Emmett said the name without thinking. “Jordyn.”

“What did she do?”

So he’d told the story about growing close to someone for an entire school year, of thinking the two of them had a future, and of making promises to get back together as soon as school started again.

And of unreturned phone calls and texts, and of getting back to school to find that the person you thought you’d loved was now with someone else, and the whole world thought they were the perfect couple.

He’d told Vinnie’s mom everything….

With the exception of one or two teeny little details.

And Flora had been the one person who’d known, including Emmett’s father, whom Emmett visited once a week. It stayed that way until Emmett told Vinnie the story at Christmas. He’d been better by then, not quite so thin and wild-eyed, and Vinnie had given him a brother’s hug, and told him about Angela.

And nobody had ever challenged him on those one or two teeny little details, until right now.

“Emmett?” Flora said kindly.

“What else do you want me to do?” Emmett asked, smiling gamely. He had a good smile—his face was sort of plain, bony, with a long jaw and teeth not quite bucked enough for braces—but he knew when he smiled, his full lips eased the harshness, erased the impression of his slightly crooked teeth, made him beautiful.

“I want you to tell me something real about this girl,” Flora said gently.

Emmett thought carefully, trying to find a detail that would make Christine good enough for the only mother he really remembered. “She wears these really skinny black skirts,” Emmett said. “They look severe, and businesslike, right? And she wears blazers over them, even in the summer. But underneath, she buys these adorable little shirts with cartoon characters. Unless she has a meeting or something, she’s a grown-up wearing Hello Kitty! Or Dora the Explorer. And she likes to watch those shows at night, when she’s working. That’s her background noise, and she knows all the episodes.”

His smile relaxed, and he nodded hopefully into Flora’s eyes. “It’s really cute.”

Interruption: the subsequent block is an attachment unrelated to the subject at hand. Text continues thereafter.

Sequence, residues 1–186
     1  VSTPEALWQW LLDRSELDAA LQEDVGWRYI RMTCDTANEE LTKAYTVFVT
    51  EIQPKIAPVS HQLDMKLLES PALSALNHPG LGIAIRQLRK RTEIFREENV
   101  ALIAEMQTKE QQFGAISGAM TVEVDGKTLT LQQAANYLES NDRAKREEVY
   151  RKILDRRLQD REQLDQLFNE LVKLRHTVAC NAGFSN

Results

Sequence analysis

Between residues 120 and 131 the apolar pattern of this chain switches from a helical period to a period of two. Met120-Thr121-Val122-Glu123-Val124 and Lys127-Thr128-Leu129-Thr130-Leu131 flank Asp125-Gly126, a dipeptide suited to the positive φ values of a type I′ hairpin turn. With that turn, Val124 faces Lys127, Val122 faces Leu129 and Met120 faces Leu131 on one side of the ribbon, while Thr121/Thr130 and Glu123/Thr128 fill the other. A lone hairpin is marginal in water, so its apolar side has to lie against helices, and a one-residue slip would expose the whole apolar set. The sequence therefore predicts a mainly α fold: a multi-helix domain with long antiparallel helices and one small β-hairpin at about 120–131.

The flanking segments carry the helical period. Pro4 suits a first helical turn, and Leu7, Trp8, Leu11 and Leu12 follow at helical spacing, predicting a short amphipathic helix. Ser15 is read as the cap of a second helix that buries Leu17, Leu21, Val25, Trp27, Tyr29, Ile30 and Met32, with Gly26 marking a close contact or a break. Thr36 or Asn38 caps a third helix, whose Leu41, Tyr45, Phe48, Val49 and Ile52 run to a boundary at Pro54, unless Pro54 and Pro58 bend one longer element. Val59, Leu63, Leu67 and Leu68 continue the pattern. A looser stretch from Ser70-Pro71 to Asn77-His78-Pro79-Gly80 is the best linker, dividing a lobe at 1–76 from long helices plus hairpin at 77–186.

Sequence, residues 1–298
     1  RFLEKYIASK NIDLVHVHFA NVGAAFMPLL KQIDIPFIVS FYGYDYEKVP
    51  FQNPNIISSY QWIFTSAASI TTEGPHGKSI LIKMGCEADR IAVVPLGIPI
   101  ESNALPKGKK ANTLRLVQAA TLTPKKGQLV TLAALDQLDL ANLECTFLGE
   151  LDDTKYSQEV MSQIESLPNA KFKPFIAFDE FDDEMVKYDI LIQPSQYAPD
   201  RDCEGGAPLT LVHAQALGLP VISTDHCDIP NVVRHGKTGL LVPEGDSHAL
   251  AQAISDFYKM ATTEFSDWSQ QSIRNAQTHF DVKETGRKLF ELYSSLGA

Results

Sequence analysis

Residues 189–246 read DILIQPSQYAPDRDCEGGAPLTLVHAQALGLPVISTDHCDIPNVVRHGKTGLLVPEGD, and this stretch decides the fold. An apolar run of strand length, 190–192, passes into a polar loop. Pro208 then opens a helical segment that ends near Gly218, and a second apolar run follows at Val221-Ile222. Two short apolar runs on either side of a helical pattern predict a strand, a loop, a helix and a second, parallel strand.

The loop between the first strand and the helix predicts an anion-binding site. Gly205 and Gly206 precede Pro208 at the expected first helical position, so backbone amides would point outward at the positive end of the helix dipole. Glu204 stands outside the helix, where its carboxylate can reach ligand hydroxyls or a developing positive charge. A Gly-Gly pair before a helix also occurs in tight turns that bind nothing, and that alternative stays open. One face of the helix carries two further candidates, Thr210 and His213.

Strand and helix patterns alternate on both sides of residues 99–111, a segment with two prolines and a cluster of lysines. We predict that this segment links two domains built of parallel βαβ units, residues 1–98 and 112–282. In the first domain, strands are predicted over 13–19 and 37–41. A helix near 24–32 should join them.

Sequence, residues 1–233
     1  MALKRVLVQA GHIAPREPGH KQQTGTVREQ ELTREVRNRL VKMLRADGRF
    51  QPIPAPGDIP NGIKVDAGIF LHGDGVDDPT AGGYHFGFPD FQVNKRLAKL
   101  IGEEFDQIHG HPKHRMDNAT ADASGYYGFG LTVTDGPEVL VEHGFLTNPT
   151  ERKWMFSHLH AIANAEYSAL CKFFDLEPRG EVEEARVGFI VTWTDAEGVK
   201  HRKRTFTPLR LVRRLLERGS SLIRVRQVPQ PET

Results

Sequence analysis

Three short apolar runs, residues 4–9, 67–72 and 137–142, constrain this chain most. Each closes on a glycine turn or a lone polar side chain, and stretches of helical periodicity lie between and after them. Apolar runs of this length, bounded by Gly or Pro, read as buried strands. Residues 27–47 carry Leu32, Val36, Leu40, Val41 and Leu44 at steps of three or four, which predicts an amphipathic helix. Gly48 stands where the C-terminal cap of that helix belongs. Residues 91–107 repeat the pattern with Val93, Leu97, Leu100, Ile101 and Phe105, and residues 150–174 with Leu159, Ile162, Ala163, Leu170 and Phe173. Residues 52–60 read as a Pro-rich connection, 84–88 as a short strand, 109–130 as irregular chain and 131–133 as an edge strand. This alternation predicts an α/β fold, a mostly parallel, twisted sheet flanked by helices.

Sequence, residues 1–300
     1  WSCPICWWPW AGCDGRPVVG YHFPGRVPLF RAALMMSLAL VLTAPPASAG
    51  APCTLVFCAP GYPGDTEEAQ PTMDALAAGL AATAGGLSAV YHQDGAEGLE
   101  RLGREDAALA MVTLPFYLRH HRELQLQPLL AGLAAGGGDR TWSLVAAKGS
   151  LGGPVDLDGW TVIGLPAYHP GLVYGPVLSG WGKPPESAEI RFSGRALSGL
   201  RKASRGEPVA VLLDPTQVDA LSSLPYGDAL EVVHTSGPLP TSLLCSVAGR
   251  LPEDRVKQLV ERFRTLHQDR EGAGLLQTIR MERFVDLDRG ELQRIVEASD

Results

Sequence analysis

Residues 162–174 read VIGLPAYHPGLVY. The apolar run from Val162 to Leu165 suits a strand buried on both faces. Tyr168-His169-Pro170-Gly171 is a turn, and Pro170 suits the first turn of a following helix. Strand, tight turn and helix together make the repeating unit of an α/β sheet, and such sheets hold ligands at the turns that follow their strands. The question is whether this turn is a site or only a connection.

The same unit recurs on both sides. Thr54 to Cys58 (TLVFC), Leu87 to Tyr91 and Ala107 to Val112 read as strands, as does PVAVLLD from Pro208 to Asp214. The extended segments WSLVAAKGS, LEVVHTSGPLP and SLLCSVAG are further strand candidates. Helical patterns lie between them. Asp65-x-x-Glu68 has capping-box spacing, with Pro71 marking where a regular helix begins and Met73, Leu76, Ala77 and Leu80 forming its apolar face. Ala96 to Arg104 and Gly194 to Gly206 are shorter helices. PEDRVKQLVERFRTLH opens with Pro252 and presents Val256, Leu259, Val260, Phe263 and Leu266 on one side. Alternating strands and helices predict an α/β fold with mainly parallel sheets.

Flora regarded him sorrowfully. “You’re leaving tomorrow?”

“Yeah,” Emmett said, feeling bad. “You know, low man on the totem pole—don’t get to take the whole week off.” He was in the marketing department at Intel, along with Christine. They’d started dating when she needed a plus-one for her sister’s wedding, and everybody had been so nice to him—Christine’s dad had wanted to talk stocks and her brother had wanted to talk sports. Her sisters had wanted to talk television shows and her mother had wanted to talk cooking. It was, in fact, a lot like Vinnie’s reunion, except Emmett knew all of Vinnie’s relatives, and Vinnie’s dad didn’t keep asking him how serious he was about his daughter.

Emmett, who hadn’t been in the market to date anyone had immediately started asking Christine to movies and out to dinner. Yeah, the good-night kisses were sort of tepid, and she kept hinting that she wanted a sleepover, but whenever she got too grabby, he just got her started about the sister who got married and how her other two sisters were planning their weddings and how her two brothers wanted kids and suddenly, she wasn’t interested in sexy times anymore, she was interested in babies, and he figured that they could manage the sexy times when there were babies at the end of it.

Babies meant family, and yes, Emmett was a fan.

Flora pursed her mouth. “So she wears cute cartoon character T-shirts. How big are her boobs?”

Emmett could swear his eyes did the “Ayoooga!” thing, like the cartoon characters on Christine’s shirts. “I don’t know!” he floundered, moving his flour-coated hands a lot. “Standard size, I guess!” He thought about it. “Uhm, smaller than Angela’s.”

Flora raised her thin, gray eyebrows. “All my daughters are smaller than Angela’s. Are they smaller than Cecily’s?”

“I don’t know!” Emmett burst out, waving more flour around the Tomiche’s kitchen. “I don’t look at your daughters’ boobs!”

“Aha!” Flora crowed, like she’d caught Vinnie stealing pies. (Vinnie had stolen a lot of food in Emmett’s name when they’d been kids. Flora had finally gotten wise and started asking Emmett if he’d gotten the pie or the cookies or, in one case, the half of a wedding cake. When Emmett gave her the blank stare before sputtering and trying to cover for Vinnie, Vinnie had gotten into a lot of trouble as well.)